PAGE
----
• Hey Seniors, Good News: Age is a State of Mind

    Hey Seniors, Good News: Age is a State of Mind

Odds are, you have heard some variation of the old adage “age is a state of mind.” And it turns out that it might be true and believing it can actually help you age better. Your preconceived notions about age can have a direct influence on your actions and mental wellbeing. Research shows that your state of mind is not something that naturally deteriorates with age but is actually something you might have more control over than previously thought.

To learn about the abilities you need to age on your terms, check out this article

Why Age is a State of Mind

There is a connection between your mental health and your attitude about aging gracefully. According to this report, one study examined a group of older adults who were taken to a significant place of their youth and asked to imagine they were their younger selves. Among findings like talking about past experiences in the present tense, when compared to the control group, those asked to change their perceptions experienced improved dexterity, physical appearance, and posture. Surprisingly, even their eyesight improved. This study has been repeated and yielded the same results.

This leads researchers to believe that mental attitudes towards age have a direct impact on the way people live as they grow older. Yet another study found that people who hold more positive attitudes about their own aging lived about 7.6 years longer than people with more negative views. This increased longevity continued even when researchers controlled other relevant factors. For example, later studies created control groups and found that memory and hearing loss was associated with negative outlooks.

Studies demonstrate that your body believes what your minds tell it. Proving that mental attitudes affect your physical and emotional wellbeing at all ages. However, the influence of these attitudes becomes more pronounced the older we get. Research finds that the happiest and healthiest people in the elderly community are often those who don’t dwell too much on their age and just live their lives. They tend to focus on what they can do rather than what their age might limit them to.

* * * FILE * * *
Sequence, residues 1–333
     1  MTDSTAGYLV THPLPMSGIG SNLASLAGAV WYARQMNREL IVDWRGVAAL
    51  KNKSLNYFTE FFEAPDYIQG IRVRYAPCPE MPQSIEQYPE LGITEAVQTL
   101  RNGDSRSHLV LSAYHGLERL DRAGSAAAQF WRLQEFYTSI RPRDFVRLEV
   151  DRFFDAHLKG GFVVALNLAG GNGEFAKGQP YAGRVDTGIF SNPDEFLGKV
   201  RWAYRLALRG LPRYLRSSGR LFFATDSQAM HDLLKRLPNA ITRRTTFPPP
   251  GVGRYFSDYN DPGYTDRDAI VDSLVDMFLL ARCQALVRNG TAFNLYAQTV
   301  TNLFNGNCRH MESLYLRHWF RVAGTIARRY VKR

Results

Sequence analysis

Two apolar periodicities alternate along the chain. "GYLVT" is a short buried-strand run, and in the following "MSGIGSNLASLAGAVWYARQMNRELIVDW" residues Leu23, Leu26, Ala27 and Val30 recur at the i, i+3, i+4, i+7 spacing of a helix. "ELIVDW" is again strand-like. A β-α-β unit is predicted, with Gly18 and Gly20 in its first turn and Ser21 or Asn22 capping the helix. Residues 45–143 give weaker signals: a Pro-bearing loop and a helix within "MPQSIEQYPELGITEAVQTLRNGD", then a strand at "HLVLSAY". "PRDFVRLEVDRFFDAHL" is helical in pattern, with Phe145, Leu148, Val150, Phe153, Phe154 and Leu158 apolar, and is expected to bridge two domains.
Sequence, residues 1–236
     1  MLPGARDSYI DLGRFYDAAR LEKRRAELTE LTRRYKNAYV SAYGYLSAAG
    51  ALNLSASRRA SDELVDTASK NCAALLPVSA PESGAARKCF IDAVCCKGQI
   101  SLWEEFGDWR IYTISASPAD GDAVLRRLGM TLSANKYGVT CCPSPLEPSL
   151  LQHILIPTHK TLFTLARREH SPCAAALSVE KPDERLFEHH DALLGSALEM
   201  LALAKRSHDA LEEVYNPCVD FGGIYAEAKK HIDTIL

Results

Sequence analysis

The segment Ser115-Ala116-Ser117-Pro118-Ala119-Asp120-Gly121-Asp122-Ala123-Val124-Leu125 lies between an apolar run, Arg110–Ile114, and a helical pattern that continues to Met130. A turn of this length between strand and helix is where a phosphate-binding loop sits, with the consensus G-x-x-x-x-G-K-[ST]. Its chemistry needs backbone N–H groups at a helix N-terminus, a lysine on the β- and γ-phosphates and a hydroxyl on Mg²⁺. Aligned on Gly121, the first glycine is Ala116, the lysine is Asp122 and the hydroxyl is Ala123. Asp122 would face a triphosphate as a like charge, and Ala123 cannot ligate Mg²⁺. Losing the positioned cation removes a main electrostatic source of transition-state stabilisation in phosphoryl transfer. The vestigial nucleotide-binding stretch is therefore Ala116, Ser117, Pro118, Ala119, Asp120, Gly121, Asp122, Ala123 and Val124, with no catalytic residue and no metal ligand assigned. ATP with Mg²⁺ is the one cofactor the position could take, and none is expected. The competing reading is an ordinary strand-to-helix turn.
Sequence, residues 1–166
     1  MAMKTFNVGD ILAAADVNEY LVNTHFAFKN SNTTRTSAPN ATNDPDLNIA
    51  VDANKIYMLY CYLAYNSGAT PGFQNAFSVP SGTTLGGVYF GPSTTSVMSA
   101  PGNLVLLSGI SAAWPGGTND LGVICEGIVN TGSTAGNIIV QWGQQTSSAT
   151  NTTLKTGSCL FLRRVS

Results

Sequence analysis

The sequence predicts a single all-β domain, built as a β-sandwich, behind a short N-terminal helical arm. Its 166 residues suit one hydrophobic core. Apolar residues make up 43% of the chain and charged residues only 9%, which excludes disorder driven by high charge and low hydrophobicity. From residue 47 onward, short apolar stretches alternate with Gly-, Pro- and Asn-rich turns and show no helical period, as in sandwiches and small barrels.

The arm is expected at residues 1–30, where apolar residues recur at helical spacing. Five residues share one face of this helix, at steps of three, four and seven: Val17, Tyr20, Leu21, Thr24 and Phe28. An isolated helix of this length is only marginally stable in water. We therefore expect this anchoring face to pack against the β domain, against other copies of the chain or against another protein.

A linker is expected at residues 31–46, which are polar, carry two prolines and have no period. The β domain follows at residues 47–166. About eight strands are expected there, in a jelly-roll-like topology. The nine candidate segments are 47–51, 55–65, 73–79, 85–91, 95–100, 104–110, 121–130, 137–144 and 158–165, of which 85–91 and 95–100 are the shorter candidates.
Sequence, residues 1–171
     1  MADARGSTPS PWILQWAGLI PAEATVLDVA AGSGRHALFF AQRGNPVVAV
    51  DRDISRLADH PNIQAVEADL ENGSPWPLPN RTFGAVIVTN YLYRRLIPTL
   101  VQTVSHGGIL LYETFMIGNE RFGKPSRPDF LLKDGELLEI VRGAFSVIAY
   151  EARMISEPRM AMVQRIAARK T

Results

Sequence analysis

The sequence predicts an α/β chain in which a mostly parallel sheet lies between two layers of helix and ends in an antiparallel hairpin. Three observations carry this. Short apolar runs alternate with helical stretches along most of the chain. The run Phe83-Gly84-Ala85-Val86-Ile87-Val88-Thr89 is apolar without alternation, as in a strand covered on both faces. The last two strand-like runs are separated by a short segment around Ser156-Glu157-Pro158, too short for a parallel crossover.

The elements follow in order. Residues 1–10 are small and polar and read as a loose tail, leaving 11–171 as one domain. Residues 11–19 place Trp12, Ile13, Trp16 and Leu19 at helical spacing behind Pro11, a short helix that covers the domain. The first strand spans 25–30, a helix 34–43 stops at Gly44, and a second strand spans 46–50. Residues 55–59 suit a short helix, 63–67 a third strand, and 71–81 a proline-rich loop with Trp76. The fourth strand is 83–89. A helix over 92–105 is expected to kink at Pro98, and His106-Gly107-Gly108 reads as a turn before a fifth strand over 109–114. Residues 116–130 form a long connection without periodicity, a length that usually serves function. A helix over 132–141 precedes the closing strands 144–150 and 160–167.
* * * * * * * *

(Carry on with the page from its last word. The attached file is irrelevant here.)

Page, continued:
The Right State of Mind

As the research above demonstrates, maintaining the right state of mind appears to be a key attribute to a long and happy life. While obvious things like genetics and healthy habits also impact your wellbeing as you age. Thus, adopting a glass-half-full attitude might make a big difference.

So, which attitudes make the biggest difference? Here are some key tips for ensuring that age is just a state of mind:

Positive Attributes of Aging

There are a lot of great things about aging you can look forward to, like emotional maturity and wisdom. This isn’t to say you should ignore the hardships that can come with aging, but rather focusing on the positive can help you age better.

Maintain a Sense of Purpose

Many older adults experience a decline in their health when they start to feel useless. Though this is common in many seniors, the reality is that seniors are just as valuable and have as much purpose as their younger counterparts. Though when we get older, it’s easy to lose track of what gives us purpose. Most seniors are retired and no longer have the responsibilities of work or the burdens of raising a family which are both areas from which many draw personal value. However, many aging individuals find renewed purpose in retirement when they participate in community projects or join clubs. As long as you continue to develop new skills, its easy to have a positive outlook on your continued purpose.

These studies all point to the same conclusion, aging is nothing but a state of mind. The real challenge is getting past the stereotypes about aging and truly believing in yourself.

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Confident Living is a continuing care at home membership program, focused on helping you remain active and independent as you age in your own home. We serve the greater Cincinnati area. For more information, contact us online or call (513) 719-3522.